Ben Nadel
On User Experience (UX) Design, JavaScript, ColdFusion, Node.js, Life, and Love.
Ben Nadel at cf.Objective() 2010 (Minneapolis, MN) with: Jamie Krug and Simon Free
Ben Nadel at cf.Objective() 2010 (Minneapolis, MN) with: Jamie Krug@jamiekrug ) and Simon Free@simonfree )

Understanding The IIS Mod-Rewrite Server Variables

By Ben Nadel on

When writing RewriteCond (rewrite condition) and RewriteRule (rewrite rule) directives in IIS Mod-Rewrite's URL rewriting configuration files, we have access to several server variables. We can get the value of these server variables using the following syntax:


So, for example, to get the name of the requested file name, we would use:


Since none of the rewrite documentation (IIS Mod-Rewrite's or otherwise) has shed too much light on what kind of values these variables hold, I figured I would run some tests to clear up my own personal confusion. I created a RewriteCond (rewrite condition) that would run against a server variable. Then, I enabled IIS Mod-Rewrite logging and ran the RewriteCond against each of the server variables that looked like it might hold useful information.

For each of the following tests, I requested this url:


Without bothering to show you the RewriteCond (rewrite condition), here is what I found:






[empty string]


GET /iis_mod_rewrite2/foo/ HTTP/1.1






[empty string]

The above were all tested with RewriteCond directives; and, while this next one is not a "server variable", I wanted to demonstrate the point that when you use a RewriteRule (rewrite rule) rather than a RewriteCond (rewrite condition), the implicit request value that you'll be testing regular expression patterns against would be:


This is all very interesting stuff. A few of the variables look like they could all be used for some good regular expression pattern matching (the basis of most all URL rewriting); but, when running pattern matching, we should think deeply about which one we choose. Obviously, when writing RewriteRule directives, we'll just use the implicit request value (foo/); but, when we write pattern comparisons in RewriteCond directives, we'll want to select the smallest possible string to test.

Regular expressions, while extremely sexy, are also costly operations. To cut down on as much of that cost possible, the target string should be of minimal length. Looking at the server variable values above, it makes sense then to always use the REQUEST_URI when performing URL-based pattern tests. This value is about half the length of any other like-value which means that our regular expressions should run twice as fast.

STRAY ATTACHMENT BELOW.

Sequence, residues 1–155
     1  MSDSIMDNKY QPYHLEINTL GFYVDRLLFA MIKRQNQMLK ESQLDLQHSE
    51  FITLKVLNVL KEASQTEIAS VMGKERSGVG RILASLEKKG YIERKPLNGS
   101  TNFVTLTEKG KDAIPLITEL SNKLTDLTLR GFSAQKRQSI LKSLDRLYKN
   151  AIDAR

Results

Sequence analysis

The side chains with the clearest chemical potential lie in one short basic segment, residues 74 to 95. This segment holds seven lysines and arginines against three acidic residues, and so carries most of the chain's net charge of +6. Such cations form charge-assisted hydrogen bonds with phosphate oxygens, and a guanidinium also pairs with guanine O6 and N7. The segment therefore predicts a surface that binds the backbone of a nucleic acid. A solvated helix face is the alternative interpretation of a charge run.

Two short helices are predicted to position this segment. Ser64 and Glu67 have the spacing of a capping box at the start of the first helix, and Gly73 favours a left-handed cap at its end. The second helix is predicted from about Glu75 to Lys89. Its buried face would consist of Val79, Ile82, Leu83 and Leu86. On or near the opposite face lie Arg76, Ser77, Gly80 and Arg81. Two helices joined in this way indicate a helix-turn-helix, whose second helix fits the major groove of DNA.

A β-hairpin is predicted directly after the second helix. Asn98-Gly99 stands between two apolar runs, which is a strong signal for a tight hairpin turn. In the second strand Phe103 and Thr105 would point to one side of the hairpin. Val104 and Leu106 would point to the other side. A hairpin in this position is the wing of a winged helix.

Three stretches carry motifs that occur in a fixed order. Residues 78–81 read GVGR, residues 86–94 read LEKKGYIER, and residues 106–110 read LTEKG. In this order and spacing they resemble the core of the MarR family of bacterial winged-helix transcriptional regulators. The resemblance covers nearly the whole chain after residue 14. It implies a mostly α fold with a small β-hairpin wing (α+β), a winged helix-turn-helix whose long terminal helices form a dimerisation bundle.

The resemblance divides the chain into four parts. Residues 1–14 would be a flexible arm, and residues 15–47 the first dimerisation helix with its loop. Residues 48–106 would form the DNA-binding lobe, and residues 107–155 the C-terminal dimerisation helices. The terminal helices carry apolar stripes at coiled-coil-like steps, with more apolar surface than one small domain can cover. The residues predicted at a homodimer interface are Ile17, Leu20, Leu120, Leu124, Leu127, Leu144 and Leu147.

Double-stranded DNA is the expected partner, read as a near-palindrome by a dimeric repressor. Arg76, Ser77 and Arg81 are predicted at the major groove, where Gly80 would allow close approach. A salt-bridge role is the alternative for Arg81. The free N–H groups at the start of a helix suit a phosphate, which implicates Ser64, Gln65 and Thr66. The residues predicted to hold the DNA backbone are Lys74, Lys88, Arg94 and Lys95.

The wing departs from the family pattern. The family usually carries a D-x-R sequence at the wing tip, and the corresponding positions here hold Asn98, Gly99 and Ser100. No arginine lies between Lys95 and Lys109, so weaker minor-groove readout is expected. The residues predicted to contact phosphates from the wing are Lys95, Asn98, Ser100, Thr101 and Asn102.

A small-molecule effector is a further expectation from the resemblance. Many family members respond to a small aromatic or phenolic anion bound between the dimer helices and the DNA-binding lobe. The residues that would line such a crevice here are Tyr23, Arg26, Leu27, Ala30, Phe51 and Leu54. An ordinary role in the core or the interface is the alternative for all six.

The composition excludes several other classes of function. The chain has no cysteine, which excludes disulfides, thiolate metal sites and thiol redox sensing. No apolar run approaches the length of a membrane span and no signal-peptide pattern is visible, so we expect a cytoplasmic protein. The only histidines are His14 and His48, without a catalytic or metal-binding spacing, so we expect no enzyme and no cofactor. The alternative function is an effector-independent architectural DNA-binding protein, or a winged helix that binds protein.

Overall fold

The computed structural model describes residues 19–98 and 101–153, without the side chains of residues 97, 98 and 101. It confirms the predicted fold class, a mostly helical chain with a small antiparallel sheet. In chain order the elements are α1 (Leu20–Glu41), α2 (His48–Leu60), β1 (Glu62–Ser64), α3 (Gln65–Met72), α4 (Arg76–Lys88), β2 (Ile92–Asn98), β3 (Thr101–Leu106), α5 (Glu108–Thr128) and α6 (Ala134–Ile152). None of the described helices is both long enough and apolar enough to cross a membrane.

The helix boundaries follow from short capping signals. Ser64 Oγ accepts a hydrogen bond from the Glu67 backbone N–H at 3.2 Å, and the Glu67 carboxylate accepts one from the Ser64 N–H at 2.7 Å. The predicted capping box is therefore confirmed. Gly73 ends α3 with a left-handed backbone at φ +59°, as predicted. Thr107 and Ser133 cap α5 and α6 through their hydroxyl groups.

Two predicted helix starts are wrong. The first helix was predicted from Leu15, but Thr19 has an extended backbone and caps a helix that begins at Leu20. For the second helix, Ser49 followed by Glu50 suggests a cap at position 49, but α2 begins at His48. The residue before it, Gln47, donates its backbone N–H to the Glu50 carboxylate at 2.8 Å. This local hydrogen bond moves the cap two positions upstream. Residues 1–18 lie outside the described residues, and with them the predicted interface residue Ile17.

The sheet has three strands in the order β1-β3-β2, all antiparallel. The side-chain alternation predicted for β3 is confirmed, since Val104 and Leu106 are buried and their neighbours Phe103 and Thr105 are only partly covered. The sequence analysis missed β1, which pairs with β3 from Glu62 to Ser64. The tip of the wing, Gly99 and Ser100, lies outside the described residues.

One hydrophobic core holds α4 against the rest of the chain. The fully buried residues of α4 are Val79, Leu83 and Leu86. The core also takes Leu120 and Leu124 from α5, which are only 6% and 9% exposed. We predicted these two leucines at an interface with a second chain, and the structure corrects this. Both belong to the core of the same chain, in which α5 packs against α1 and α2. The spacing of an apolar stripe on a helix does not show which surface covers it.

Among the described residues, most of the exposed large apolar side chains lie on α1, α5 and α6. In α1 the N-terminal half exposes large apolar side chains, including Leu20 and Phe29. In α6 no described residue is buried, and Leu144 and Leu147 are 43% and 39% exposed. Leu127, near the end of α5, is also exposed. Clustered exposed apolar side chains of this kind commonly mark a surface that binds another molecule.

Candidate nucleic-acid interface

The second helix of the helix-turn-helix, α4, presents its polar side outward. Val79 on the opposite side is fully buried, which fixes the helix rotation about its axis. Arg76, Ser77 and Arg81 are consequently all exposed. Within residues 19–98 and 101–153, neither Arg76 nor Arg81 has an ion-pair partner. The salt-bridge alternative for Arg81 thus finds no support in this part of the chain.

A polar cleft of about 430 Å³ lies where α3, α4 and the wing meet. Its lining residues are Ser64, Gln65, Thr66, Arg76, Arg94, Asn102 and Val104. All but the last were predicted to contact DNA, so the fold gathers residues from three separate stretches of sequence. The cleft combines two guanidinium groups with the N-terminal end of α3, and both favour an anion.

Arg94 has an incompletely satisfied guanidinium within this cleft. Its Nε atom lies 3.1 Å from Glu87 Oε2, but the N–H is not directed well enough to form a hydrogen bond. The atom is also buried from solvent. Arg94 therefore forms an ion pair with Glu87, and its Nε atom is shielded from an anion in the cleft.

While this might seem like premature optimization, remember that the URL rewrite engine is being executed for every single page request made to the server (under a given configuration file). That's a lot of processing! As such, we're going to want to add optimizations where ever possible.

Reader Comments


It seems that you are advising premature optimization. A couple quick regexes per page request is extremely fast - thousands or hundreds of thousands of times faster than waiting on filesystem access or database access.

A regular expression will *not* run in half the time simply because the input string is half as long. Moreover, even if it did, what difference does an extra microsecond make when each database query takes milliseconds?

Of course, there are indeed slow regexes. But that is an algorithmic flaw, and using the correct algorithm instead of a flawed algorithm (a bad regex) is always a good idea. The answer is to use the correct regex for the situation on the correct input text for the situation, not to try to squeeze a few more microseconds of performance before you have any indication that that is where your performance problems actually lie.

Nevertheless, you should almost always be matching on the protocol, the domain, the port, and the path component of the URL as expressed in REQUEST_URI (whether taken whole or split into virtual directory path and path within virtual directory). You should not be matching on the filesystem filenames or the request line as a whole.



I think it is really only premature optimization IF there is additional overhead involved; meaning, it's premature if you would in a lot of extra effort just to get a bit more performance. What I'm talking about here is not putting in more effort - what I'm advocating here is simply choosing the most appropriate server variable if you need to runs regex patterns against the URL.

Your regular expression could stay exactly the same and simply switching the variable you are testing could have a performance impact. So, it's less about premature optimization and more just about making appropriate choices.

As far as the half-length = twice as fast, ok, so maybe that's not entirely accurate :) But, it is sometimes, depending on the type of pattern you are running.

Ultimately, I think we are saying the same thing though, right - that one should use the REQUEST_URI and not file paths for pattern matching?


Yep, REQUEST_URI contains the right information for the job.

We both advocate, in general, choosing the most appropriate things - including server variables if you need to run regex patterns against the URL.


I desined one web Shoping cart website.I need to implement URL rewrite methods.but i did not have access to IIS.How can i implement without IIS.Give me any IDea.


If you don't have access to IIS, you need to use the PATH_INFO approach where the SES URLs come after the front controller:


That's the only way that ColdFusion will have access to it without updating the server at a higher level.